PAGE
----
Patients with cancer who are not admitted to the hospital may also have their benefits “capped.” Once the dollar amount has been met, the patient will no longer receive coverage through that plan. This capitated system will become more common in the future of healthcare in the United States and is an issue that will be addressed in an upcoming Conquering the Cancer Care Continuum article. 

The significance of escalating healthcare costs has been highlighted in recent years because of the economic downturn that the United States has experienced within the last decade. Individuals lost their jobs and lost insurance benefits as a result. Further, a dearth of qualified providers were left to deliver healthcare, as hospitals were negatively affected as well. Nurses cannot be entirely responsible for repairing all of the broken issues with regard to access to care. But given these issues, I can think of 3 ways in which nurses can improve patient access to quality care: (1) maximization of nursing scope, (2) policy change, and (3) community involvement. 

In 2011, the Institute of Medicine (IOM) called on nurses to bridge the gap in which patients do not have access to healthcare, and to practice to the full extent of their education and training.8 Licensed practical nurses (LPNs), registered nurses (RNs), and advanced practice nurses (APNs) are viewed as an effective, cost-effective, well-trained group of professionals who provide quality care at a variety of levels. Each nurse has the ability to contribute to the healthcare team and to enhance the delivery of quality care. Yet, there are very different scopes of practice, in particular where APNs are concerned. APN practice is often restricted by individual states or hospitals. This is true despite research showing that states with fewer restrictions on APN practice have lower hospitalization rates and improved health outcomes in their communities.9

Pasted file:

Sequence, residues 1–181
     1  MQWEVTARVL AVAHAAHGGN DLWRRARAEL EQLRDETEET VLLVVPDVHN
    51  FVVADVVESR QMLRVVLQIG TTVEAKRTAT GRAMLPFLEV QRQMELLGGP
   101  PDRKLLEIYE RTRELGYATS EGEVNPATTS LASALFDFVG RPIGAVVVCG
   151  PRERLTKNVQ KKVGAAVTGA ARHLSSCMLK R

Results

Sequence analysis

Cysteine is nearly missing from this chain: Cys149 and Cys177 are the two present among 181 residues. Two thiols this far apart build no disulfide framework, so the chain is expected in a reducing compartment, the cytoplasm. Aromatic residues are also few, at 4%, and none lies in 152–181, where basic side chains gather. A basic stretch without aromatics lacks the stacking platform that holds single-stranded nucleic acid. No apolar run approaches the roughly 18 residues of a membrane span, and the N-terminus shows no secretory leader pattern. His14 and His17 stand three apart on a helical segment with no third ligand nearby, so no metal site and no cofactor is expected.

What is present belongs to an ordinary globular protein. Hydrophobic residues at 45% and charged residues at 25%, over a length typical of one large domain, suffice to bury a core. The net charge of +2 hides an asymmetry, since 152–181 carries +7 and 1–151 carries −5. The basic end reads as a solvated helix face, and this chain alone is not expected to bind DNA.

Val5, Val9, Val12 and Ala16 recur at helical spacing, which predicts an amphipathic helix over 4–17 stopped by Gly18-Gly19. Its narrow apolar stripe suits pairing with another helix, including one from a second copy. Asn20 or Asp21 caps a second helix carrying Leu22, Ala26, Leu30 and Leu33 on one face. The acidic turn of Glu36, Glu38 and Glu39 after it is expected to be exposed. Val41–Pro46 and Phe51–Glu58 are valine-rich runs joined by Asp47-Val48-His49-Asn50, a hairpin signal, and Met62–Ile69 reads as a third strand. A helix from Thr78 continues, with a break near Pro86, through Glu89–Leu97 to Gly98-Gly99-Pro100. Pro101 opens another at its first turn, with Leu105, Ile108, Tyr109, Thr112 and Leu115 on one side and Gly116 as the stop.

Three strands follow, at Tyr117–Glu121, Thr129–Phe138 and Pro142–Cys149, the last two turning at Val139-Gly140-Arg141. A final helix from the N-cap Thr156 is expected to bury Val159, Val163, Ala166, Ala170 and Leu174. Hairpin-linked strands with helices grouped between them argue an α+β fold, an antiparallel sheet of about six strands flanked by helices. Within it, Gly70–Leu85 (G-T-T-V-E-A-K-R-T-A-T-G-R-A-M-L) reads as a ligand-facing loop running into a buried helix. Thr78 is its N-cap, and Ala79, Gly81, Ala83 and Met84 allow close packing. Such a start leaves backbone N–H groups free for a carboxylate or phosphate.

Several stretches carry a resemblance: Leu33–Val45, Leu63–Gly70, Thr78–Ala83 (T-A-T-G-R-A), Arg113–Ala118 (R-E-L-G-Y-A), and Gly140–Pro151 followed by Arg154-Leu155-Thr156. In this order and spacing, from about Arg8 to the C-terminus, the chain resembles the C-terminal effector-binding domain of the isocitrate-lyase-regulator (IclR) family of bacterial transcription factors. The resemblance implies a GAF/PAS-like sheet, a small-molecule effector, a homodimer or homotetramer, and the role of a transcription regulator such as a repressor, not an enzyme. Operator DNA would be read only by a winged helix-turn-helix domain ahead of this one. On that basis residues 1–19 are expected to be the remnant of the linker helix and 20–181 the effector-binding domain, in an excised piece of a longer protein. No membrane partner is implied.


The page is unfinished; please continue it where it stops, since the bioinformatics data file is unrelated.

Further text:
I have seen a change in my state of Ohio in the 2 years since the IOM report. I am pleased to report that while my organization has always supported nurses and the role played by APNs, there has been an increase in statewide policy changes that have allowed patient access to quality healthcare in a timely manner. APNs in many therapeutic areas and with specialty training can conduct consultations independently, admit patients to the hospital when appropriate, and practice medicine independently. My APN colleagues across the country have also reported an increase in their independence, along with the ability to continue a collaborative practice with other members of the healthcare team.

However, allowing nurses to practice medicine and provide treatment to patients will not solve all of the problems associated with access to care. So, in what other ways can nurses improve access to quality healthcare? At 3 million members strong, they can use their voice to enact policy changes within their institutions, at a community or at a national level. Influencing different practice patterns among states that restrict LPN, RN, and APN practice can allow all nurses to maximize their scope of practice to expedite patient care. Nurses should learn about the barriers in their nursing practice that may negatively impact patient access and should determine ways in which to address these barriers.